Quantitative methods that require measurement of zone diameters also provide reproducible estimates of the susceptibility of bacteria to antimicrobial compounds. The zone size provides an estimate of the susceptibility of bacteria to antimicrobial compounds. The zone size should be determined using a standardized test method.2,3. This procedure uses paper disks impregnated with 30 mcg ceftriaxone to test the susceptibility of microorganisms to ceftriaxone. The disk diffusion interpretive criteria are provided in Table 5.

Anaerobic techniques:

For anaerobic bacteria, the susceptibility to ceftriaxone as MICs can be determined by a standardized agar test method 3,4. The MIC values obtained should be interpreted according to the criteria provided in Table 5.

Table 5 Susceptibility Test Interpretive Criteria for Ceftriaxone
Susceptibility interpretive criteria for Enterobacteriaceae are based on a dose of 1 gram IV q 24h. For isolates with intermediate susceptibility, use a dose of 2 grams IV q 24h in patients with normal renal function.
For Haemophilus influenzae, susceptibility interpretive criteria are based on a dose of 2 grams IV every 24 hours in patients with normal renal function.
The current absence of data on resistant isolates precludes defining any category other than ‘Susceptible’. If isolates yield MIC results other than susceptible, they should be submitted to a reference laboratory for additional testing.
Disc diffusion interpretive criteria for ceftriaxone discs against Streptococcus pneumoniae are not available, however, isolates of pneumococci with oxacillin zone diameters of >20 mm are susceptible (MIC ≤ 0.06 mcg/mL) to penicillin and can be considered susceptible to ceftriaxone. Streptococcus pneumoniae isolates should not be reported as penicillin (ceftriaxone) resistant or intermediate based solely on an oxacillin zone diameter of ≤ 19 mm. The ceftriaxone MIC should be determined for those isolates with oxacillin zone diameters ≤ 19 mm.
Pathogen Minimum Inhibitory Concentrations ( mcg / mL ) Disk Diffusion Zone Diameters ( mm )
( S ) Susceptible ( I ) Intermediate ( R ) Resistant ( S ) Susceptible ( I ) Intermediate ( R ) Resistant
Enterobacteriaceae * ≤ 1 2 ≥4 ≥ 23 20 to 22 ≤19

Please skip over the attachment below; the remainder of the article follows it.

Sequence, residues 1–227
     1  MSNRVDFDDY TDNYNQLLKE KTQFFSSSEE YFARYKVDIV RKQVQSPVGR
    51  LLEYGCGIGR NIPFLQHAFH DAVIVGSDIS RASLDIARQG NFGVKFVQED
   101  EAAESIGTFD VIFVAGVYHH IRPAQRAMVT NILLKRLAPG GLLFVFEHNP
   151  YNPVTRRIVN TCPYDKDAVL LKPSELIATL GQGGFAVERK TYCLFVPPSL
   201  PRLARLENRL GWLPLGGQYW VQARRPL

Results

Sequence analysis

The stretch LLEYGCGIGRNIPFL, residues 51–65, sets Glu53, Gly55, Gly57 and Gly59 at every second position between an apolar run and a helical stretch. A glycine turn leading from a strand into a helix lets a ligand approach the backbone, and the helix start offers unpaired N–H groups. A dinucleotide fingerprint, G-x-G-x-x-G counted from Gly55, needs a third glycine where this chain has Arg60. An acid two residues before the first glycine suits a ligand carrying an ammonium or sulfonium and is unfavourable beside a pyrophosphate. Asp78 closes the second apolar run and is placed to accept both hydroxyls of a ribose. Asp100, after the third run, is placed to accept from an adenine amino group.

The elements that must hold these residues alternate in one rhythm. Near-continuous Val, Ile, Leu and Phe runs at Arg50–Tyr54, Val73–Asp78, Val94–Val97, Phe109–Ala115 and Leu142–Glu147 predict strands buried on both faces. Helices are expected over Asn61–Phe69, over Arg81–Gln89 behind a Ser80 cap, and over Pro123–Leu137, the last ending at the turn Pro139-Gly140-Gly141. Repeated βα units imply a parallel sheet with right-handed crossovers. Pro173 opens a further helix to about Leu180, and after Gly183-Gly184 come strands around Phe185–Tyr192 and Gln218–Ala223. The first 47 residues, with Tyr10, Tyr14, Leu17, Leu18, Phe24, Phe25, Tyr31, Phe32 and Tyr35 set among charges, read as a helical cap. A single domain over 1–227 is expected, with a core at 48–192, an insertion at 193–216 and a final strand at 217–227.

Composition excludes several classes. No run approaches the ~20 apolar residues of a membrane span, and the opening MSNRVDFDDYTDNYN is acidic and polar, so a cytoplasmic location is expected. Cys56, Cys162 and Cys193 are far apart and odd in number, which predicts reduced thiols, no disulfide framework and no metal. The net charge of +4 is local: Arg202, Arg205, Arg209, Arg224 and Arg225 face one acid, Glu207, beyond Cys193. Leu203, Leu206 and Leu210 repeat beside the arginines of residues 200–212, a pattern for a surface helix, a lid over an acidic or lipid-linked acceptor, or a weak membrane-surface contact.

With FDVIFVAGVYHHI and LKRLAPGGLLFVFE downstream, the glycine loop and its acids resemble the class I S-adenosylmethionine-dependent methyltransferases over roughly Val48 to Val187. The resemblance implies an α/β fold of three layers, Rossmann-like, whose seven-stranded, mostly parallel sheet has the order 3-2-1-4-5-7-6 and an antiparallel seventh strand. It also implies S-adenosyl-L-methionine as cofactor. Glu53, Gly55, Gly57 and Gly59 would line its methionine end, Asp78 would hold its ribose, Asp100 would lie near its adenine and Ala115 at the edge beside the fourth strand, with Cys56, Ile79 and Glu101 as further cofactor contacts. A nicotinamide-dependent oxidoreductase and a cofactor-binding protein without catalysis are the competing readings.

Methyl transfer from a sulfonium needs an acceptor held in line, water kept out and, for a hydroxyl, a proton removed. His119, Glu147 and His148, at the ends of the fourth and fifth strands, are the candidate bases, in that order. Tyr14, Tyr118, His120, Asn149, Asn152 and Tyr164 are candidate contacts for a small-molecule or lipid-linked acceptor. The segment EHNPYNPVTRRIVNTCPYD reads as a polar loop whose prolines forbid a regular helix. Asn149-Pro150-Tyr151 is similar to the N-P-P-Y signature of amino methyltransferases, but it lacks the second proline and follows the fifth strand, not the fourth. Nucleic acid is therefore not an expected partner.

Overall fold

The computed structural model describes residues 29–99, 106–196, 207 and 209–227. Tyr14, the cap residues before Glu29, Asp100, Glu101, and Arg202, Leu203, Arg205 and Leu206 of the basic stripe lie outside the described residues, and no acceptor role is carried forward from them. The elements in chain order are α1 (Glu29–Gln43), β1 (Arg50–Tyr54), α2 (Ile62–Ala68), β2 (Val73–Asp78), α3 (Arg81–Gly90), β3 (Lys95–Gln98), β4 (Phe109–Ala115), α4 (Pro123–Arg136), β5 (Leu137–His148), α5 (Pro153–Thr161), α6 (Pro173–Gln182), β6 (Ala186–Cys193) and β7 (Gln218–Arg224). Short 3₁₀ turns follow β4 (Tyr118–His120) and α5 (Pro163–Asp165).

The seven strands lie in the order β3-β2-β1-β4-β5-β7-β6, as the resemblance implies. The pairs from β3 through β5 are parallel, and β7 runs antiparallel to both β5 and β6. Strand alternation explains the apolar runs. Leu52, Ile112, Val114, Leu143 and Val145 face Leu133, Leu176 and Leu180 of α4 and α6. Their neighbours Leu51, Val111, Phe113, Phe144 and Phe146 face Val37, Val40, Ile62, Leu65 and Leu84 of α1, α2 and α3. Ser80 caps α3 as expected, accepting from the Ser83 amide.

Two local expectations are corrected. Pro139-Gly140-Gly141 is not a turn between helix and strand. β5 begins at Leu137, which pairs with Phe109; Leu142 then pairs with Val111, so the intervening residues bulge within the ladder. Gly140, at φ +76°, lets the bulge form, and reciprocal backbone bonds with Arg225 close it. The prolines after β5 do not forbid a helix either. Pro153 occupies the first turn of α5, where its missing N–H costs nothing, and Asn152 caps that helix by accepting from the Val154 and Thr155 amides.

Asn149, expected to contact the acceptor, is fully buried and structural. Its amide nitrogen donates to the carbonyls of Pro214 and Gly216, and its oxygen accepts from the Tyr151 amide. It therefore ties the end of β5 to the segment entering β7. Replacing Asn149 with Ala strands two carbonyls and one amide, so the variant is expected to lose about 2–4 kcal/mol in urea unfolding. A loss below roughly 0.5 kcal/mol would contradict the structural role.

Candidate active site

Haemophilus influenzae , ≤2 ≥26
Neisseria gonorrhoeae * ≤ 0.25 ≥ 35
Neisseria meningitidis ≤ 0.12 ≥ 34
Streptococcus pneumoniae §meningitis isolates ≤ 0.5 1 ≥ 2
Streptococcus pneumoniae §non-meningitis isolates ≤1 2 ≥4
Streptococcus species beta-hemolytic group ≤0.5 ≥ 24
Viridans group streptococci ≤ 1 2 ≥ 4 ≥27 25 to 26 ≤24
Anaerobic bacteria (agar method) ≤1 2 ≥4

Susceptibility of staphylococci to ceftriaxone may be deduced from testing only penicillin and either cefoxitin or oxacillin.

A report of Susceptible indicates that the antimicrobial drug is likely to inhibit growth of the pathogen if the antimicrobial drug reaches the concentration at the site of infection. A report of Intermediate indicates that the result should be considered equivocal, and if the microorganism is not fully susceptible to alternative, clinically feasible drugs, the test should be repeated. This category implies possible clinical applicability in body sites where the drug is physiologically concentrated or in situations where a high dosage of drug can be used. This category also provides a buffer zone that prevents small uncontrolled technical factors from causing major discrepancies in interpretation. A report of Resistant indicates that the antimicrobial drug is not likely to inhibit growth of the pathogen if the antimicrobial drug reaches the concentrations usually achievable at the infection site; other therapy should be selected.

Quality Control:

Standardized susceptibility test procedures require the use of laboratory controls to monitor and ensure the accuracy and precision of supplies and reagents used in the assay, and the techniques of the individual performing the test 1,2,3,4. Standard ceftriaxone powder should provide the following range of MIC values noted in Table 6. For the diffusion technique using the 30 mcg disk, the criteria in Table 6 should be achieved.

Table 6 Acceptable Quality Control Ranges for Ceftriaxone
QC Strain Minimum Inhibitory Concentrations ( mcg / mL ) Disk Diffusion Zone diameters ( mm )
Escherichia coli ATCC 25922 0.03 to 0.12 29 to 35
Staphylococcus aureus ATCC 25923 ———- 22 to 28
Staphylococcus aureus ATCC 29213 1 to 8 ———
Haemophilus influenzae ATCC 49247 0.06 to 0.25 31 to 39
Neisseria gonorrhoeae ATCC 49226 0.004 to 0.015 39 to 51
Pseudomonas aeruginosa ATCC 27853 8 to 64 17 to 23
Streptococcus pneumoniae ATCC 49619 0.03 to 0.12 30 to 35
Bacteroides fragilis ATCC 25285 (agar method) 32 to 128 ———
Bacteroides thetaiotaomicron ATCC 29741 (agar method) 64 to 256 ———